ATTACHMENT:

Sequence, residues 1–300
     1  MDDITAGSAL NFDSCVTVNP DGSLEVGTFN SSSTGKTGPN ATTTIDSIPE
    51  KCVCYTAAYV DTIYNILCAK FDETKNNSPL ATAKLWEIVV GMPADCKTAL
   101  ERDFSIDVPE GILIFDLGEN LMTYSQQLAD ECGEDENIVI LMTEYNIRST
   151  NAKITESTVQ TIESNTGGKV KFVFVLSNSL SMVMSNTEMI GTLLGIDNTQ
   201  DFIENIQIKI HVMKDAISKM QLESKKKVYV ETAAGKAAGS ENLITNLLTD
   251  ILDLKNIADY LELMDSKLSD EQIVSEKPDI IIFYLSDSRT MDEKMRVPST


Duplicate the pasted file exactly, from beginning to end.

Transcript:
Sequence, residues 1–300
     1  MDDITAGSAL NFDSCVTVNP DGSLEVGTFN SSSTGKTGPN ATTTIDSIPE
    51  KCVCYTAAYV DTIYNILCAK FDETKNNSPL ATAKLWEIVV GMPADCKTAL
   101  ERDFSIDVPE GILIFDLGEN LMTYSQQLAD ECGEDENIVI LMTEYNIRST
   151  NAKITESTVQ TIESNTGGKV KFVFVLSNSL SMVMSNTEMI GTLLGIDNTQ
   201  DFIENIQIKI HVMKDAISKM QLESKKKVYV ETAAGKAAGS ENLITNLLTD
   251  ILDLKNIADY LELMDSKLSD EQIVSEKPDI IIFYLSDSRT MDEKMRVPST